Volume One of this two-volume study chronicles the founding, growth and development of 12 congregations that represent the diverse reality of local religious cultures in America. Some, like Center Church in New Haven, Connecticut, trace their stories back to colonial times. Others, like the Swaminarayan Hindu temple in suburban Chicago, are recent attempts to create local religious worlds. Ranging from congregations of Lebanese Muslims in Northern Canada to Latter-day Saints in Salt Lake City, the essays convey the distinctive character of each congregation and provide evidence of the importance of congregations in daily life. The essays use the particular experience of local religious communities to explore a wide range of issues from the fate of mainline American Protestantism to the rise of charismatic revivalism. In addition to discussing the larger themes of American religious life, the essays portray a variety of notable men and women.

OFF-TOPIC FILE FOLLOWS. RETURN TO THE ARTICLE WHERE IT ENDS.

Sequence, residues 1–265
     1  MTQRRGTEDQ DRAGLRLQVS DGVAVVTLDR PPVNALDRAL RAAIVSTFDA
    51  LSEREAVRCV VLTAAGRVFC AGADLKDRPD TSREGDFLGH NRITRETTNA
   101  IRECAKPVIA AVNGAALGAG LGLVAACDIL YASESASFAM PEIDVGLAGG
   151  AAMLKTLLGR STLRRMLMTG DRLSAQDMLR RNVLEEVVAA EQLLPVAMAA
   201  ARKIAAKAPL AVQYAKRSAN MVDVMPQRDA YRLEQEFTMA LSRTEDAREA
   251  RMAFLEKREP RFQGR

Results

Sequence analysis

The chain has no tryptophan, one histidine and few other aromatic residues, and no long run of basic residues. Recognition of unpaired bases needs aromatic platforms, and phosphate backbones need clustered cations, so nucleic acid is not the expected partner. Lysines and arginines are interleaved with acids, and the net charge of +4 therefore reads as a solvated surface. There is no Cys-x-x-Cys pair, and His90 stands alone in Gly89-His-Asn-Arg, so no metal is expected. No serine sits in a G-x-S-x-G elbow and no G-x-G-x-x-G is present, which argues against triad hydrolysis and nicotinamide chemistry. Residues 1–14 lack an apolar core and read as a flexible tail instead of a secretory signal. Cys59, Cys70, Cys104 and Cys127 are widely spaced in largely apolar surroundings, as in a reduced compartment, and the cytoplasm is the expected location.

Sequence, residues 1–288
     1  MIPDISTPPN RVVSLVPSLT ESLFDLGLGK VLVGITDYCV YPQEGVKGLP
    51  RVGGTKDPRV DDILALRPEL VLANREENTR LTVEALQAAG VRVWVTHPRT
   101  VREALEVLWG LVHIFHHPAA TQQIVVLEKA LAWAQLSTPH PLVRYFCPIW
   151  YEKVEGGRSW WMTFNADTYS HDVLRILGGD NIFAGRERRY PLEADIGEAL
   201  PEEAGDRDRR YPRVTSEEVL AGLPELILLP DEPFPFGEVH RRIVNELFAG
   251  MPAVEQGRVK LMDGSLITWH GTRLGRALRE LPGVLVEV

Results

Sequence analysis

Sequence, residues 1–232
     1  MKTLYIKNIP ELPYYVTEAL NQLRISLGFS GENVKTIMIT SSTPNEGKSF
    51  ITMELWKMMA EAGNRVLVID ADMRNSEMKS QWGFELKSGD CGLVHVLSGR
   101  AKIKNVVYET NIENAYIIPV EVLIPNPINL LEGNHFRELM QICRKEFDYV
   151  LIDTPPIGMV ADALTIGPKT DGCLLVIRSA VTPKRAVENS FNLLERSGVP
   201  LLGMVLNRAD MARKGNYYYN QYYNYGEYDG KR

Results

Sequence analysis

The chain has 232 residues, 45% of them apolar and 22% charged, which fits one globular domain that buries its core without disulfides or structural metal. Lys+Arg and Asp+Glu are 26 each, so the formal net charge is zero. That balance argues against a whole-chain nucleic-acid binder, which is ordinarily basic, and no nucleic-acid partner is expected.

James P. Wind is president of the Alban Institute. James W. Lewis is executive director of the Louisville Institute. Together they directed the Congregational History Project, which was based at the University of Chicago's Divinity School from 1987 to 1990.